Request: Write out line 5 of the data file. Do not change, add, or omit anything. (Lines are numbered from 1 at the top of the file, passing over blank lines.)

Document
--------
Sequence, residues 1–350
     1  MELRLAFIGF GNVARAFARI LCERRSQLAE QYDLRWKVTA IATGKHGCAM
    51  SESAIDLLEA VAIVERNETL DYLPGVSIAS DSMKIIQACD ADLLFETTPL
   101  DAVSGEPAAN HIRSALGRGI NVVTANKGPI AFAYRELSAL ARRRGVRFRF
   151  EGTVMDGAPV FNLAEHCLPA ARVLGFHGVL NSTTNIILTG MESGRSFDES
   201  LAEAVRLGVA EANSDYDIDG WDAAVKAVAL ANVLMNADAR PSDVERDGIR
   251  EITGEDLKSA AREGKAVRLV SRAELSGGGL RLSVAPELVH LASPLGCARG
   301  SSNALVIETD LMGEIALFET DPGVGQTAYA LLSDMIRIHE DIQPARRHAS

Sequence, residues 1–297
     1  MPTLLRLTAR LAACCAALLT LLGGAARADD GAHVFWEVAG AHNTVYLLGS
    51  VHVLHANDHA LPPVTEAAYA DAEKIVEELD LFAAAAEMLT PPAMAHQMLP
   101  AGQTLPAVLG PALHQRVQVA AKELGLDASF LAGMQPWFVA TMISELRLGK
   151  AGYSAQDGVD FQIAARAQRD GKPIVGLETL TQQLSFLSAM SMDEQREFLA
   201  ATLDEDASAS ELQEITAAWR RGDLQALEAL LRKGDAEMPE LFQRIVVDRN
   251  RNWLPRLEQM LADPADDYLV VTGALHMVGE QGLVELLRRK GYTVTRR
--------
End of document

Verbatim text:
   151  EGTVMDGAPV FNLAEHCLPA ARVLGFHGVL NSTTNIILTG MESGRSFDES